She tells me to just get started. I protest that I want to write something interesting and engaging but honestly, when I feel well enough to consider that, I forget what it actually feels like to be down under the grimy covers of ME / CFIDS / CFS. Now, I am peering through one eye, my head is pounding. My throat is tight and lumpy like a clogged sink. My facial muscles want to be touched and soothed. My bones feel like they hurt from the inside-out. My whole body wants to be touched and warmed and soothed. I am tired but hyper and frustrated inside. I cannot sleep and I have an innate sense that it is not fair that I should have to in broad day-light. A vein in my right hand throbs irritatingly as I type. I feel alone. I desperately want someone to understand. I sweat between moments of stillness and rest and those of fighting to appear well and racing to do something, anything, with my day. I feel alone, but at least I am alone. In company, I feel confused, anxious, stupid and slow, unengaging.
We all can forget how ill we felt when we are all at once well again. When I am more able-bodied or able-minded, I forget how it feels to have a real ‘CFS-day’ (as I describe it to my girlfriend, Al). I feel angry, though, that anyone could have taken me too seriously, including myself. I think, ‘I am a brilliant and well person who should be trusted to do things. Give me responsibility! I can do anything the same as you. Give me a drink or a social group, and I will be as fun as I have ever been. Give me a yoga mat and I will show you the fit person that I am.' Inevitably, very soon after the outburst, I am forced to remember with a crash just what CFS is and I lie here with the consequences of having been reckless enough to have behaved like…a normal person.
When something’s bad, we may have a socially understood ‘event’ to remind us. People refer to times like ‘when I was in hospital’ and know that it MUST have been bad. We sometimes consciously leave ourselves a reminder. When Al fell off her bike, we took photos of the imposingly gargantuan bruises and though she may sometimes forget what a pain it was not be able to get around for so long, one glance at the photo, brings it all back.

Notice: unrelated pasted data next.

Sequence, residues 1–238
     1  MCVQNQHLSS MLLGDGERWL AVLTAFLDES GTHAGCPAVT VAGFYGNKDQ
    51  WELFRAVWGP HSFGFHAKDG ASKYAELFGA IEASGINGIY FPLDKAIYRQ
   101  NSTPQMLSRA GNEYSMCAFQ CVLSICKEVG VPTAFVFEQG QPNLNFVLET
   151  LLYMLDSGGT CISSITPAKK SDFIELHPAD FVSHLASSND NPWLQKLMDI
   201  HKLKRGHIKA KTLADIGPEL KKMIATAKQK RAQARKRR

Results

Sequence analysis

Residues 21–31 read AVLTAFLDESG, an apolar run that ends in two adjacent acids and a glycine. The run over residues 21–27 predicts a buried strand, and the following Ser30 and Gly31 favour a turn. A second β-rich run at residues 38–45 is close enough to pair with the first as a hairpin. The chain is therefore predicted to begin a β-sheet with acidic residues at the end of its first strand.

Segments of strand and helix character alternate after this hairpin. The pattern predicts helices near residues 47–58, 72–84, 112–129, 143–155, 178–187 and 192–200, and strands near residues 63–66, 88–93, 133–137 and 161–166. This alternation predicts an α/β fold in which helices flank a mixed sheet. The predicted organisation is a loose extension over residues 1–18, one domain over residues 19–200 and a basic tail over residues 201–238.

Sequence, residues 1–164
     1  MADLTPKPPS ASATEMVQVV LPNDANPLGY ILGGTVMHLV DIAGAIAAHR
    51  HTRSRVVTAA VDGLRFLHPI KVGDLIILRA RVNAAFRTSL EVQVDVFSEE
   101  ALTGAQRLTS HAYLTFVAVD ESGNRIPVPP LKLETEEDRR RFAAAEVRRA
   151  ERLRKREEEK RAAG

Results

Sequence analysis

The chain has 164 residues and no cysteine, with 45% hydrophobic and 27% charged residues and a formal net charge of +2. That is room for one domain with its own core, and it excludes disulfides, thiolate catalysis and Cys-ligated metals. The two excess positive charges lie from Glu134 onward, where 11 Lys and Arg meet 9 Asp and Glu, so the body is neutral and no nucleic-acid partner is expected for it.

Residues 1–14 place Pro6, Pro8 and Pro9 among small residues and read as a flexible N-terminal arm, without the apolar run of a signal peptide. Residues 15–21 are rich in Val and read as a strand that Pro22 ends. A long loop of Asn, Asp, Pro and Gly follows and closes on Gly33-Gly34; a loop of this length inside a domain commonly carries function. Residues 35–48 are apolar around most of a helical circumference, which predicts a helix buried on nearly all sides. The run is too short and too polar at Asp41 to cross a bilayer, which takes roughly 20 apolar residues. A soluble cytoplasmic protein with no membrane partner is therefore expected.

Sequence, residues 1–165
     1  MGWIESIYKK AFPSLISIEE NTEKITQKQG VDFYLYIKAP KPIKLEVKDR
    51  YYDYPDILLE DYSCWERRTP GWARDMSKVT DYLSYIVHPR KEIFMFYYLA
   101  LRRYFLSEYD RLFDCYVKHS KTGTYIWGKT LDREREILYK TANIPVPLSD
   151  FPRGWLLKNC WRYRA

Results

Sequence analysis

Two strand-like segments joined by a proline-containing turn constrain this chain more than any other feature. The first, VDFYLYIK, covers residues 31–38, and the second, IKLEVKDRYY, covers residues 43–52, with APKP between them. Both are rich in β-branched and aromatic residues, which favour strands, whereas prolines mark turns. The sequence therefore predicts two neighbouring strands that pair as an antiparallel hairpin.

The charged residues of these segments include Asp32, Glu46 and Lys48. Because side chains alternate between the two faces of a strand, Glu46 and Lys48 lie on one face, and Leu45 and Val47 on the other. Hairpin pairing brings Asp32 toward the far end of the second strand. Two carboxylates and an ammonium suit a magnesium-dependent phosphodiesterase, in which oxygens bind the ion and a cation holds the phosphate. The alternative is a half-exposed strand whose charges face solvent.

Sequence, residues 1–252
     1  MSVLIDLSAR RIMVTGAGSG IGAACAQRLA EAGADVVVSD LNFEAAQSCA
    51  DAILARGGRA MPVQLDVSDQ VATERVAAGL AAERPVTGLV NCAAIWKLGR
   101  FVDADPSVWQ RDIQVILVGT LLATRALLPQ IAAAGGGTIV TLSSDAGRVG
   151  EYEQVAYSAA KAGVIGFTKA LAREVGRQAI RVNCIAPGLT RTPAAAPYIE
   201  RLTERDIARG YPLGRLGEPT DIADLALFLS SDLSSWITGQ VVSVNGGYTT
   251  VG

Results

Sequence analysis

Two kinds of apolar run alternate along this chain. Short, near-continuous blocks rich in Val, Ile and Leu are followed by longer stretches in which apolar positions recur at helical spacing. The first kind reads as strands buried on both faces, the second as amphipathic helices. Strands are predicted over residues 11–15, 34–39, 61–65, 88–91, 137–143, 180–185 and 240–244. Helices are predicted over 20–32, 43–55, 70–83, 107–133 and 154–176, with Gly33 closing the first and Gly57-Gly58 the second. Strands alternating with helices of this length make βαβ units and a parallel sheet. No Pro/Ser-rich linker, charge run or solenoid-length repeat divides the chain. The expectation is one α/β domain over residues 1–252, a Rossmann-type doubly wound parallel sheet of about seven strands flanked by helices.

With ME/CFS, I forget again and again only to remember all over. As with severe food poisoning, you think ‘please don’t let me ever feel like this anymore. Let this be over.’ ‘Normal’ has never been such a tantalising concept. You are apparently calling out to a higher being --whom you are not accustomed to chatting with -- out of sheer desperation. Next day you almost forget all about it.. until the next time.
I feel like this sometimes every other day, or week or morning or afternoon. I do not know how to predict it. I may be chatting away confidently when a thick fog sweeps from my nose up my forehead and into my skull and my left eye feels like it is shrinking. I begin to wonder why you are talking to me, or even, at the worst times, who you are in relation to me. I may become dizzy and want to lie down. I will either become completely vacant, or, if I try to fight it, frowning and irritable. I now know that I crave quiet and clear air, though I did not recognise that before I was diagnosed.
If I do not relieve my symptoms with rest or withdrawal, I deteriorate. I become anxious and irritable. I do not want to be alone, but there is nowhere else quiet enough. .. and yet, I must prove I am okay. I may look okay. What will this person think if I tell them I am tired or have a headache? How lame will that sound? I am not the kind of person who shies away from a chat or a job or a shopping expedition on account of a headache.
My reluctance to calmly and confidently allay these symptoms for fear of what other people might think, is, as far as I can work out at the moment, one of the few things in my control. I can work on this to make my life, and other’s around me, easier. I remind myself that I cannot make people understand but I can do what I need to do for myself and do what I can, to let people know.
I intend for this ME/CFS condition to teach me things for life about how energy is best spent, and what I take for granted. I do not have the energy to stress. It is a luxury I can no longer wish to waste my daily dosage on! That is currently an idea that I have yet to work out fully how to implement. I begin Cognitive Behavioural Therapy on Monday to help me work on managing this. Acceptance is my starting stone.
My conscious challenge in curing self is to work with CFS/ME/CFIDS not against it, and to accept help, not isolate myself. Just as an able-bodied person might remind themselves how lucky they are, I have to remind myself how fortunate I am with a miraculously supportive, proactive and loving girlfriend and a beautiful and kind family who are doing everything they can to understand and to have such persistent and loyal friends, despite my apparent withdrawal.
For more see http://healingchronicfatigue.blogspot.com/